Milk production was on the decline between 2018 and 2019 due to drought, rising feed costs and bushfires, resulting in overall lower demand for cow’s milk in the latter year. However, demand for fresh milk (driven by the largest volume category of full fat fresh milk) through retail increased going into 2020 due to more favourable weather conditions and higher farmgate milk prices, and was given a boost in Q2 as the pandemic emerged.
Parmalat Australia Pty Ltd retained its overall lead of drinking milk products in Q2 due to its strong presence in the largest category of cow’s milk with a wide range of brands including Pauls, Zymil and Gippy, combined with new product launches. Its Oak flavoured milk drink launched a confectionery flavoured line in collaboration with Nestlé, which included flavour variants Jaffas, Red Skins, and Chokito for a limited time in late 2019.
Modern grocery retailers strengthened its dominance in terms of distributing drinking milk products in Q2, being deemed essential businesses during lockdown. Despite marginal share gain and stronger current value growth, e-commerce however, remained a small channel for drinking milk products, with many consumers preferring to purchase fresh cow’s milk in particular themselves from refrigerated cabinets.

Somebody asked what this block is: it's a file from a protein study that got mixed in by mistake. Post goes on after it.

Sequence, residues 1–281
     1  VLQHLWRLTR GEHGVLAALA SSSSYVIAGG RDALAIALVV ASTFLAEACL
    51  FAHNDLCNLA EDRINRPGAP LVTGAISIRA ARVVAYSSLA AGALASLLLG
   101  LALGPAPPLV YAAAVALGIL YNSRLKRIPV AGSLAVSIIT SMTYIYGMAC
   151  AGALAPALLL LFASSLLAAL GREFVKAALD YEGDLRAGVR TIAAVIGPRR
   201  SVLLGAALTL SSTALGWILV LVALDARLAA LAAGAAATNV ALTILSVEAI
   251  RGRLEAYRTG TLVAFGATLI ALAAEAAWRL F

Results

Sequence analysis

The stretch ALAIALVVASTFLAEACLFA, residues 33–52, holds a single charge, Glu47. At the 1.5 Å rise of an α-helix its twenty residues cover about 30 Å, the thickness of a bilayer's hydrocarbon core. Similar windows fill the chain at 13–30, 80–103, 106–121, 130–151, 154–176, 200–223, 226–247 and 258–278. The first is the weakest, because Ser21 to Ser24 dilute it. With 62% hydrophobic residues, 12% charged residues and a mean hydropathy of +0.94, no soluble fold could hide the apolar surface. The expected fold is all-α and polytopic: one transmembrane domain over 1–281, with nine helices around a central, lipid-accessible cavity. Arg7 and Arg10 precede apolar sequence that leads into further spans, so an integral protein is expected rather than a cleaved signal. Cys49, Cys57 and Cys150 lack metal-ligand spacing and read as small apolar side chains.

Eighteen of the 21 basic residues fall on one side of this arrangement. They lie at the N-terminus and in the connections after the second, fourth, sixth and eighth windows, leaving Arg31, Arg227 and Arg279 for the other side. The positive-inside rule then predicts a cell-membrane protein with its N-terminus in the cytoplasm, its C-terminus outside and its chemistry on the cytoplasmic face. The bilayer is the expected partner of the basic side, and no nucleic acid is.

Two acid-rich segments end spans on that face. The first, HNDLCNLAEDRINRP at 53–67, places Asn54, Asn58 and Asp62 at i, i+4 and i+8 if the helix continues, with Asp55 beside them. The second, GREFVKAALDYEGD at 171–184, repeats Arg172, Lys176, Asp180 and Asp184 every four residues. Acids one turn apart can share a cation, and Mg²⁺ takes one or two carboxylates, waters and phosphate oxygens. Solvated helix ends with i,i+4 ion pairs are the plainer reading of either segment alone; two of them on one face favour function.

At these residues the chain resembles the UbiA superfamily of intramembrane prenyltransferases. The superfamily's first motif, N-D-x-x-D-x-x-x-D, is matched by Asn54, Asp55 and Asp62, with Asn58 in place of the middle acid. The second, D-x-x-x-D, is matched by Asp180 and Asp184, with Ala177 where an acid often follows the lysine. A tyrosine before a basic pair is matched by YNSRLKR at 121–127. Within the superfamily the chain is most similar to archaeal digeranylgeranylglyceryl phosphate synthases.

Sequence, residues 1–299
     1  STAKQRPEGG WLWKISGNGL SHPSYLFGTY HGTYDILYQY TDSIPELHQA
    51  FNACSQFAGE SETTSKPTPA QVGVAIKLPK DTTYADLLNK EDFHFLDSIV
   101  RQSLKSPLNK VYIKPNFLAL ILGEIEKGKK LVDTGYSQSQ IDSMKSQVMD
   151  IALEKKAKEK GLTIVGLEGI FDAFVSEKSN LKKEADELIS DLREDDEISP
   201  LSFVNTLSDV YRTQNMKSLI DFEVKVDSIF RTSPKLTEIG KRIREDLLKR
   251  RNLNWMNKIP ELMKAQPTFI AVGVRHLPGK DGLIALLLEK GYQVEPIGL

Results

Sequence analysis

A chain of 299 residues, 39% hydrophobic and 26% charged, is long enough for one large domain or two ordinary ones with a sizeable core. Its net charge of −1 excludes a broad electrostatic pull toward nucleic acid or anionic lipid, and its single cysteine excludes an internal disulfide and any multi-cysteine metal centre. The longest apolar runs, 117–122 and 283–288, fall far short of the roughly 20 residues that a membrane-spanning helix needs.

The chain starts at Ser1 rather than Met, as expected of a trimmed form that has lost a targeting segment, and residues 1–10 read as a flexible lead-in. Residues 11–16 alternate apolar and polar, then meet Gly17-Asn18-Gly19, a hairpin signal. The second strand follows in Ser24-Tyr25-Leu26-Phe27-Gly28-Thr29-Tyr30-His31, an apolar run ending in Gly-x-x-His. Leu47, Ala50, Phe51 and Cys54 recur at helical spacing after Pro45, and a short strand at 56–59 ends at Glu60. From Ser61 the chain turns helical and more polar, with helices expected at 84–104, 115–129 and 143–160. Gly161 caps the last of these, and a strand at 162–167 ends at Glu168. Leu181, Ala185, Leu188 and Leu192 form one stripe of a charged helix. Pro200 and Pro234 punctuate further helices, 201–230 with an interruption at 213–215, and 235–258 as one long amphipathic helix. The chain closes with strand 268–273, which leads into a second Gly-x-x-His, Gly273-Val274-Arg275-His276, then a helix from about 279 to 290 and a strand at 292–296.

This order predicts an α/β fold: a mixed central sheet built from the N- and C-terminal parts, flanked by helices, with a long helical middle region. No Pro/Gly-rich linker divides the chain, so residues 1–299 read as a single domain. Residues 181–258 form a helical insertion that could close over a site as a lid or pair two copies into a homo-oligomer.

Demand for drinking milk products is set to record only marginal growth in retail volume terms in 2021, with a predicted surge in foodservice. Cafés and restaurants in Australia were permitted to start reopening later in May 2020, and local consumers are likely to continue to head to these foodservice outlets into the forecast period after being confined to their homes during lockdown to meet up with friends or simply enjoy a freshly-prepared hot beverage from a specialist coffee shop.
The focus of innovation within drinking milk is set to continue to lean towards health, not only in milk alternatives but within other drinking milk products such as fortified or prebiotic cow’s milk as offered by Dairy Farmers, or reduced sugar content within flavoured milk drinks. Up&Go from The Sanitarium Health Food Co offers a no added sugar range and has received a 5-star health rating, and is promoted as a “liquid breakfast” which makes it an attractive option for busy consumers.
With environmental concerns increasingly influencing consumers’ purchasing decisions, Australian manufacturers are likely to continue to strive to improve the sustainability of their packaging. Brownes Dairy for instance, had already announced in late 2019 that it would replace its traditional milk cartons with fully renewable materials, making it not only Australia’s first dairy company to follow this strategy, but also the world’s first fully renewable beverage carton.
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Understand the latest market trends and future growth opportunities for the Drinking Milk Products industry in Australia with research from Euromonitor International's team of in-country analysts – experts by industry and geographic specialisation.
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This report originates from Passport, our Drinking Milk Products research and analysis database.
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